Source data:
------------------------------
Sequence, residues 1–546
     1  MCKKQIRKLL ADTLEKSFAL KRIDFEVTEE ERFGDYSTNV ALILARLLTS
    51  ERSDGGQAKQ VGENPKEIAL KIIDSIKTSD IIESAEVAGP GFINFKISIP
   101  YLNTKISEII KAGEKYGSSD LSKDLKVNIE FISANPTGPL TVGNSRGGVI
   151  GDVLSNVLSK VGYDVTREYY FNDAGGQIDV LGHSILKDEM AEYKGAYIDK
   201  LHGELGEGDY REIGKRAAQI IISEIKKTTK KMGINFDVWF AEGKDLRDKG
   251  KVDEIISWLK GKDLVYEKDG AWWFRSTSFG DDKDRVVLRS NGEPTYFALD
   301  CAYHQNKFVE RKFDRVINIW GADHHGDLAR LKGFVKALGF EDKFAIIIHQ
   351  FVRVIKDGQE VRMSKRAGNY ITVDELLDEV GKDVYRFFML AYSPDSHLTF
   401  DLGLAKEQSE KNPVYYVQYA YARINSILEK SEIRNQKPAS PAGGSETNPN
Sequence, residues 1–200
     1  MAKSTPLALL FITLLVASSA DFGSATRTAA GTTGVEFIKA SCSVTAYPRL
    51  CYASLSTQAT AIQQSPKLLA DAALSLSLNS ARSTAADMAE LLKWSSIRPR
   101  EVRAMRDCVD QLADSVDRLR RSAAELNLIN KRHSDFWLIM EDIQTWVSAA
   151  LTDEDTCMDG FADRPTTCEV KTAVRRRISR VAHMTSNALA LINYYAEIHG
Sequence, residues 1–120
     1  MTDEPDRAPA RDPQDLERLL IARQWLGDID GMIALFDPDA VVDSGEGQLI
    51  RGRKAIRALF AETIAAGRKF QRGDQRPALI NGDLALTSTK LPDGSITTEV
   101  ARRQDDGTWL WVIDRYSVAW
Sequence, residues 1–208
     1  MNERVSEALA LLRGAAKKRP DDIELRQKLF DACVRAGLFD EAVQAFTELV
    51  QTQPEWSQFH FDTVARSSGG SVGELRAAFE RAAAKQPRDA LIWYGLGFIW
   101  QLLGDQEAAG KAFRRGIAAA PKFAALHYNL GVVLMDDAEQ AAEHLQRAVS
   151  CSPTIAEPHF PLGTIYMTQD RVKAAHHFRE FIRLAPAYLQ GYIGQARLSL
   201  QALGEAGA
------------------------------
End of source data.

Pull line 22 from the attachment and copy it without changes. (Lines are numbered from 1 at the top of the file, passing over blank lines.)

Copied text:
    51  QTQPEWSQFH FDTVARSSGG SVGELRAAFE RAAAKQPRDA LIWYGLGFIW